First, as family doctors, we value patient relationships; our patients know we will never compromise our personal relationship with them. Regardless of our affiliations or payment structures, our core values about patient care remain valid. Evidence from pilot programs, such as the patient-centered medical home, continues to show that in a wide range of delivery models, family doctors are essential to high-quality, cost-effective health care. As the 2010-2011 TAFP Texas Family Physician of the Year Lloyd Van Winkle, M.D., remarked in his acceptance speech when he referred to a popular television show, “Patients don’t want a [Dr.] House; they want a home.” Family doctors have provided the “medical home” to their patients for decades.

Secondly, family physicians are committed to quality, access, and affordability. Aligning with health care systems can enhance those commitments by providing new services, specialty interaction, information technology, measurement and reporting, evidence-based protocols, and administrative support. Roger Fowler, M.D., a long-time family physician and chairman of the board of Trinity Clinic in Tyler, recently noted that advantage, “When family doctors join groups, they don’t give up their independence as much as they gain resources.”

Finally, family physicians have a long history of providing coordinated care. Our role has always been to guide patients to seek the “right care at the right time” from a wide range of sources. Integrated care is actually an expansion of what we are already doing. Recently, Karen Kennedy, CEO of Medical Clinics of North Texas, a multispecialty group with a strong family practice base, said, “Physicians who have a well-developed sense of teamwork are looking for groups like ours to join.”

While Texas health care delivery systems will continue to expand and evolve, it seems clear that integration, or at least affiliation, will be the choice of many physicians in Texas. My hope is that we, as family physicians, will embrace these new opportunities and remain the essential health care providers and patient advocates we have always been. Using our shared values, medical expertise, and the support of TAFP, we can ensure that family physicians lead the transformation of Texas medical care far into the future.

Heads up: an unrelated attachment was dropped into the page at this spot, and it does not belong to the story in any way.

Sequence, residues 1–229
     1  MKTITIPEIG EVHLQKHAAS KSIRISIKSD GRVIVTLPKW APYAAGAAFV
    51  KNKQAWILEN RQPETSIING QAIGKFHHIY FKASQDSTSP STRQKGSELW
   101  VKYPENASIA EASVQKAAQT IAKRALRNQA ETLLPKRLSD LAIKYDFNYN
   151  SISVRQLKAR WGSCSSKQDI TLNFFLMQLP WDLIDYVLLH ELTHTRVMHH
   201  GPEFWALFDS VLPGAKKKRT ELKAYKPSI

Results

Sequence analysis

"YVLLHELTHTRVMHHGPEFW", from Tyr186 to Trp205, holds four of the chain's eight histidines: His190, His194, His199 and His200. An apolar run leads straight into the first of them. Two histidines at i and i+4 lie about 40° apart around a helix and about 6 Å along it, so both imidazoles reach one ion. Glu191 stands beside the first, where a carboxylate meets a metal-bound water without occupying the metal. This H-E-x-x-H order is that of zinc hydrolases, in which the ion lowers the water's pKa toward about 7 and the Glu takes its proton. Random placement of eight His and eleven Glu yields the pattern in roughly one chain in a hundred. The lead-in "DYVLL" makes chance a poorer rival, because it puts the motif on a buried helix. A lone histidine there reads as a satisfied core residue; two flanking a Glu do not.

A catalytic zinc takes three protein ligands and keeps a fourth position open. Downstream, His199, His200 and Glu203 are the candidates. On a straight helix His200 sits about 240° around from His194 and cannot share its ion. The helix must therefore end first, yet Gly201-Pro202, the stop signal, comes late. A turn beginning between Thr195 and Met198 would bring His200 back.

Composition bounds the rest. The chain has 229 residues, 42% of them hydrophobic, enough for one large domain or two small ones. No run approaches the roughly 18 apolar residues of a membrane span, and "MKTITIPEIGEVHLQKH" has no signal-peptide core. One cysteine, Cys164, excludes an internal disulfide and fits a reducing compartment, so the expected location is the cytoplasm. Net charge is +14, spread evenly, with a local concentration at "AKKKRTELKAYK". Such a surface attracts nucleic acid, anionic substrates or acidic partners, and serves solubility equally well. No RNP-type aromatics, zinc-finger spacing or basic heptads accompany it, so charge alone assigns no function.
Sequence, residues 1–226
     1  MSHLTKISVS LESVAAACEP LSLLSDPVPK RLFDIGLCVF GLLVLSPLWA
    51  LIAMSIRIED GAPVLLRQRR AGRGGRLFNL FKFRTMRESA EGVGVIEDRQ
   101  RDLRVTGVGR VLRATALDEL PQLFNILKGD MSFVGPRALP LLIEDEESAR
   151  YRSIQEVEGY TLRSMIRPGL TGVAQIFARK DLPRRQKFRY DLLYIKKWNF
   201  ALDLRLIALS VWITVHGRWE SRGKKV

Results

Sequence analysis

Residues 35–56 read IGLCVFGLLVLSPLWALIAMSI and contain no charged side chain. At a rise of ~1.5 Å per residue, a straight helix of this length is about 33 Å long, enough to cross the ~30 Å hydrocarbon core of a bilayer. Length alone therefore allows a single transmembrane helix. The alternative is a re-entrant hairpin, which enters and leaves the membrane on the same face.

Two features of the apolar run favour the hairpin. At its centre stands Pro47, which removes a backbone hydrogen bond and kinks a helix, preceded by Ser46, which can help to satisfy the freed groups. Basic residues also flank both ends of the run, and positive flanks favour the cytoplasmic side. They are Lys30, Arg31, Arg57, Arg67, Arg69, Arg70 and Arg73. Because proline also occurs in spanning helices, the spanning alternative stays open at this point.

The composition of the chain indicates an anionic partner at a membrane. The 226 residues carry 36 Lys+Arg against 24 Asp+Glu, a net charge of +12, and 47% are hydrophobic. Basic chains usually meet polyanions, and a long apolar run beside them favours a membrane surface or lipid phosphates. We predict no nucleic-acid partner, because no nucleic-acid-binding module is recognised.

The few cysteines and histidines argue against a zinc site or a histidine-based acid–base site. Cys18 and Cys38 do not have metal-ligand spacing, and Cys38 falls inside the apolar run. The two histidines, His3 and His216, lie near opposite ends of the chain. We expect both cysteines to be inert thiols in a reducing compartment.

Dr. McCrady is a family medicine hospitalist and vice president of clinic operations at the Trinity Mother Frances Health System. Anne McCrady is a freelance writer and speaker.

1 Comment

  • Troy said

    I don't see how medical homes can work for low SES pinalutoops. The requirements are expensive to put in place and, as is clear from the AAFP demonstration, don't matter in the eyes of patients. I can't imagine how physicians will recover their investment. Where will their income come from if panel size is reduced to 1500? And where will all the physicians come from if each has only 1500 patients? Successful systems will leverage nurses and lesser-trained assistants in order to expand panel size and generate more revenue, while concentrating physician effort on those aspects of care that demand their participation.